“She’s so cute,” Linus’s mom said.

Mr. Samson’s daughter leaned in to her screen. “I cannot ever thank you enough for helping my dad with this,” she said.

“We didn’t really do anything,” Linus’s dad told her. “It was just a frayed cable line that had come unattached from the house. Probably a mouse or something chewed it. It happens all the time.”

“Well, whatever it was,” Mr. Samson’s daughter said, “if you hadn’t been there to see it, we wouldn’t be all together now.” The baby had fallen asleep in her arms, making a little cooing sound.

“And it was all because of Taxi,” Linus chimed in.

Taxi was asleep in his bed, curled up with his face nestled in his tail. At the sound of his name, he lifted his head. His ears twitched, and if a cat could smile, Taxi did. 

This story was originally published in the September 2020 issue.

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Can't Miss Teaching Extras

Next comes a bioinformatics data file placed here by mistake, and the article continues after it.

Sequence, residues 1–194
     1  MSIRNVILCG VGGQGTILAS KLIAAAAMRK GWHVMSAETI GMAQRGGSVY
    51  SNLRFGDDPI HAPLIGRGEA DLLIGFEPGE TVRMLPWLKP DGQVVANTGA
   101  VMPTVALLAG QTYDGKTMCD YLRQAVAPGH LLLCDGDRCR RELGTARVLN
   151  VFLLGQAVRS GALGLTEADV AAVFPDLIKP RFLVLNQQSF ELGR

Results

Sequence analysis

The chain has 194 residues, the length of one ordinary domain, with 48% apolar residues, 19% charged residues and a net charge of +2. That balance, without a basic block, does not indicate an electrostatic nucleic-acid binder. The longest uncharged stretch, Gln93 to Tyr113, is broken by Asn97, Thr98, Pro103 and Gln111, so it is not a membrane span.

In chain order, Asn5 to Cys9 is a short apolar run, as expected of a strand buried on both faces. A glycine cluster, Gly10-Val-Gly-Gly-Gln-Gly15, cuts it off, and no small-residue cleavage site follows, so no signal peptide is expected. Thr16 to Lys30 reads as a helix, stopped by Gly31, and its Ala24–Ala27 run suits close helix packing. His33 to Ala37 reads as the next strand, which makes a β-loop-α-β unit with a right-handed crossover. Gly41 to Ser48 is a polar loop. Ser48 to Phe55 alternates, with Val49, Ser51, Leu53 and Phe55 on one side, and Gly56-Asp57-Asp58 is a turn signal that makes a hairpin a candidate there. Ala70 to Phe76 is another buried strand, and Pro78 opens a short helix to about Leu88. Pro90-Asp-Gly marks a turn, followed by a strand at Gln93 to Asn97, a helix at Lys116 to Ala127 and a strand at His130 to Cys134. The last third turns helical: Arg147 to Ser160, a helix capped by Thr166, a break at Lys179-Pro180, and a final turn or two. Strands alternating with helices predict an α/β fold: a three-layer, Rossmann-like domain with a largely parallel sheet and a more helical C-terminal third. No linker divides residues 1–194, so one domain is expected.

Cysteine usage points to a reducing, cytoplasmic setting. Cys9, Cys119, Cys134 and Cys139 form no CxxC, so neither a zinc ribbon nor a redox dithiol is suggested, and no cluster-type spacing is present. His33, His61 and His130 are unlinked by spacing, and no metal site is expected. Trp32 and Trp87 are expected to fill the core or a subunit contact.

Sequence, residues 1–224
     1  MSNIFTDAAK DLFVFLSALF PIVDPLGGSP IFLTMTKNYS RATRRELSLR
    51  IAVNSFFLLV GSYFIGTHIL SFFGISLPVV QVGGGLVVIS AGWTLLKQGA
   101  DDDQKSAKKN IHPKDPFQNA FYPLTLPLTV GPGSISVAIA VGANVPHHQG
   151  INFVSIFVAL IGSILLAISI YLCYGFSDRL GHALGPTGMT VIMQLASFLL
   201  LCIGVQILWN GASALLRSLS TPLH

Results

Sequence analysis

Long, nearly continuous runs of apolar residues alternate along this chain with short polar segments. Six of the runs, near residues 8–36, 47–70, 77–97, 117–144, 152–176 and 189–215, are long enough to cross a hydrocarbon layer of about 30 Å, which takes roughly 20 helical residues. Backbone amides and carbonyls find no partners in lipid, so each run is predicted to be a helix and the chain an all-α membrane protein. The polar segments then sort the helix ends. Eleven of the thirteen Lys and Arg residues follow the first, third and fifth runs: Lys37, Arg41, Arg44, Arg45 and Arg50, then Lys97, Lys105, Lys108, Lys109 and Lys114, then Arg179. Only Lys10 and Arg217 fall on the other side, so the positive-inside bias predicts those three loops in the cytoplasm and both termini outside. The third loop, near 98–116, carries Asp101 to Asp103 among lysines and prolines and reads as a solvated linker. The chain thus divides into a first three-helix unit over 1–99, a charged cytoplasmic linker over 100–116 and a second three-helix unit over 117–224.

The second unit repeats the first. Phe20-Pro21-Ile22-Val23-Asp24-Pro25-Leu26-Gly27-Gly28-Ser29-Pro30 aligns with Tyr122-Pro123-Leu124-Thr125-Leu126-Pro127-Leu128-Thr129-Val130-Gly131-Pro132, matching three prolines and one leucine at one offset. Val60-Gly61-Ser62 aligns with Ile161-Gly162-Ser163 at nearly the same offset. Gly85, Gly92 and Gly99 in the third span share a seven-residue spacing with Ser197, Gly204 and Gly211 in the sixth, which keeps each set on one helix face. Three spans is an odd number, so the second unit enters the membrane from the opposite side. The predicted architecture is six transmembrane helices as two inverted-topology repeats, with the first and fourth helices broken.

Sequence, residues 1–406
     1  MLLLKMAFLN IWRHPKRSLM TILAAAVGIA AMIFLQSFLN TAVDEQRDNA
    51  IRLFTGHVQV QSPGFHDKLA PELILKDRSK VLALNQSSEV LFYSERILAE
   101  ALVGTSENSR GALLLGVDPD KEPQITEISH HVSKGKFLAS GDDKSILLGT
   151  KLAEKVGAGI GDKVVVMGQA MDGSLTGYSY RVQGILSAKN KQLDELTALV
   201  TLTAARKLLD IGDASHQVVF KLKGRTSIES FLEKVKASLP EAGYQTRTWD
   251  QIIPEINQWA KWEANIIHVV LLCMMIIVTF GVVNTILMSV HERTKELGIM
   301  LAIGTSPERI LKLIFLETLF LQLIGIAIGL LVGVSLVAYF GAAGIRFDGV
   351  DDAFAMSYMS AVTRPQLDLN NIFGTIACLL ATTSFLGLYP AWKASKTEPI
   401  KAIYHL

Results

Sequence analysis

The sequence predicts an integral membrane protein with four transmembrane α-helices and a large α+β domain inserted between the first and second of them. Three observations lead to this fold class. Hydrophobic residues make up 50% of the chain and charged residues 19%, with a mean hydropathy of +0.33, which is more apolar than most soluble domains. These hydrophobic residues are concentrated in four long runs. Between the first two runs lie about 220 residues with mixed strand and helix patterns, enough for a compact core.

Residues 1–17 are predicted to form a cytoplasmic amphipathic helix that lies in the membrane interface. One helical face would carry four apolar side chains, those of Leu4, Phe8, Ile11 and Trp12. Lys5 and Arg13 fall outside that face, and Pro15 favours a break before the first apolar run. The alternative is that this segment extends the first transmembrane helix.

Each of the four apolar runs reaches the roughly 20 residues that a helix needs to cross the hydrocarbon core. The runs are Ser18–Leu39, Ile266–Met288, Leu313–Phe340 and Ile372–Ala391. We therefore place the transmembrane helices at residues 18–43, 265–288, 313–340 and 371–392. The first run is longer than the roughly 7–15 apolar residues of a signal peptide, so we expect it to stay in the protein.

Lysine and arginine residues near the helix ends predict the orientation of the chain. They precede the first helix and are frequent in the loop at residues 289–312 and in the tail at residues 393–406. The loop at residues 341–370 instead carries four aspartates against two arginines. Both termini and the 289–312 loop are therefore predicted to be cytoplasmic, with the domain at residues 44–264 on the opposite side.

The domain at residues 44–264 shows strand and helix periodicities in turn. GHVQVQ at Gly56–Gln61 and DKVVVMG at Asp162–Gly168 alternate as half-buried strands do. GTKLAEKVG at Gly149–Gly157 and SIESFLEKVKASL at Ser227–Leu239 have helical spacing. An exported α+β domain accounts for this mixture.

Watch a Video

Make sure students watch our “Author Visit” video, in which they’ll get to meet Nora Raleigh Baskin and hear her discuss what it’s like to be a writer and offer advice to kids about writing.

Share Your Story

If your students would like to record their own experiences during the pandemic, check out Scholastic Magazines’ My History page. It offers ideas for students to write, draw, make a video or photo collage, and other creative ways to memorialize this time. With a teacher’s, parent’s, or guardian’s permission, students can share their projects with us.

More About the Story

Skills

vocabulary, character, how setting affects character, compare and contrast, inference, author’s craft, finding the meaning, plot, explanatory writing

Complexity Factors

Levels of Meaning

The story is called Missing because it’s about a missing cat—but on a deeper level, it’s about how neighbors who are missing doing the things they love can help each other.

Structure

This realistic-fiction story is told in the third-person voice but from three different perspectives: those of two humans and a cat. Some inferences are required.

Language

The story includes some challenging vocabulary, such as lockdown and pandemic, as well as metaphors, similes, and rhetorical questions.

Knowledge Demands 

The story mentions Sky Zone and the Jersey Shore.